In situ remediation of contaminated groundwater often requires the introduction of a treatment solution into the aquifer in order to promote contaminant degradation reactions. A significant challenge for in situ remediation is the inherent difficulty of mixing in porous media. Without sufficient mixing of the treatment solution and the contaminated groundwater, the degradation reactions required to achieve in situ remediation cannot occur. This project tests the hypothesis that in situ remediation of contaminated groundwater can be enhanced through strategic operation of wells, installed near the contaminant plume, whose goal is to promote stretching and folding of the interface between the treatment solution and contaminated groundwater, thereby increasing the opportunity for degradation reactions to occur. The project involves numerical simulation and optimization to investigate well operation strategies that will maximize contaminant degradation. The optimization considers the number of wells, their locations and the rates at which each well extracts or injects fluid as a function of time. The study investigates both dissolved contaminants and those sorbed to the aquifer solids in homogeneous and heterogeneous aquifers using a suite of modern groundwater models. The interplay of the well placement, pumping schemes, and aquifer properties will be characterized by a series of dimensionless numbers that can be used for remediation system design.

Contamination threatens important groundwater resources that provide the water supply for numerous municipal water utilities and domestic water wells. Already, billions of dollars have been spent on remediation of contaminated groundwater in the U.S., and yet at many locations, the remediation efforts have not met cleanup targets. This project investigates a method for improving the cleanup of contaminated groundwater by using injection and extraction wells (an existing technology) in a novel way to promote in situ groundwater remediation. This project provides an initial theoretical exploration of the enhanced mixing achievable by these novel methods that will be compared with existing methods in terms of contaminant degradation completeness, cost, and groundwater quality improvement. Additionally, this study provides a new link between established chaos theory and groundwater flow that will lead to new insights into subsurface contaminant transport. The project will also create a physical demonstration apparatus and education module that will be used to engage pre-college students in learning about groundwater by allowing users to manipulate plumes by injection and extraction. After completion, the apparatus will be available through an established teaching laboratory collection at the University of Colorado at Boulder.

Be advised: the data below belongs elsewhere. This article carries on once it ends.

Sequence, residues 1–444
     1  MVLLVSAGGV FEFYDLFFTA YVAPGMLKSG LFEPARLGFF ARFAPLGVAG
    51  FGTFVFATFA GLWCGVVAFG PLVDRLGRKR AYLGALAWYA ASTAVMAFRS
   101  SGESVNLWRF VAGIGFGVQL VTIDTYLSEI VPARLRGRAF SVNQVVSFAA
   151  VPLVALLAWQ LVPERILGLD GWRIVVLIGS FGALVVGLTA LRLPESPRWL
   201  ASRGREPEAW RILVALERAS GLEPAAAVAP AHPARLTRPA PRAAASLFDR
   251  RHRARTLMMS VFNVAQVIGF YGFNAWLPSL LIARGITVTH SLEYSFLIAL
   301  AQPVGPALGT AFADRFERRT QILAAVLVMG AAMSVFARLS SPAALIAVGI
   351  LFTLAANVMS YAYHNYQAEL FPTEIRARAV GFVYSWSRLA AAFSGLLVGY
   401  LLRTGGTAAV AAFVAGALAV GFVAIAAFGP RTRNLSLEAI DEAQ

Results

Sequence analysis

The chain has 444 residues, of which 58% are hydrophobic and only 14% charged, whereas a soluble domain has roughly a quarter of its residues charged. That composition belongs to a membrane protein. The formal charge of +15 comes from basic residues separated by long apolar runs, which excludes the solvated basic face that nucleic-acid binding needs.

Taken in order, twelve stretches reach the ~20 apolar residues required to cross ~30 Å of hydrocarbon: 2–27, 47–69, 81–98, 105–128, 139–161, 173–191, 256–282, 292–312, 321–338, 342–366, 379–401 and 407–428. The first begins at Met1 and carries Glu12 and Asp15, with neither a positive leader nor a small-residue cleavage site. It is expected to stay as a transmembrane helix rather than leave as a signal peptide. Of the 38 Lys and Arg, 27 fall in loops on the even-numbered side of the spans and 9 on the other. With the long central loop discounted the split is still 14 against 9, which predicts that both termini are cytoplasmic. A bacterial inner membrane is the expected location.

Project Report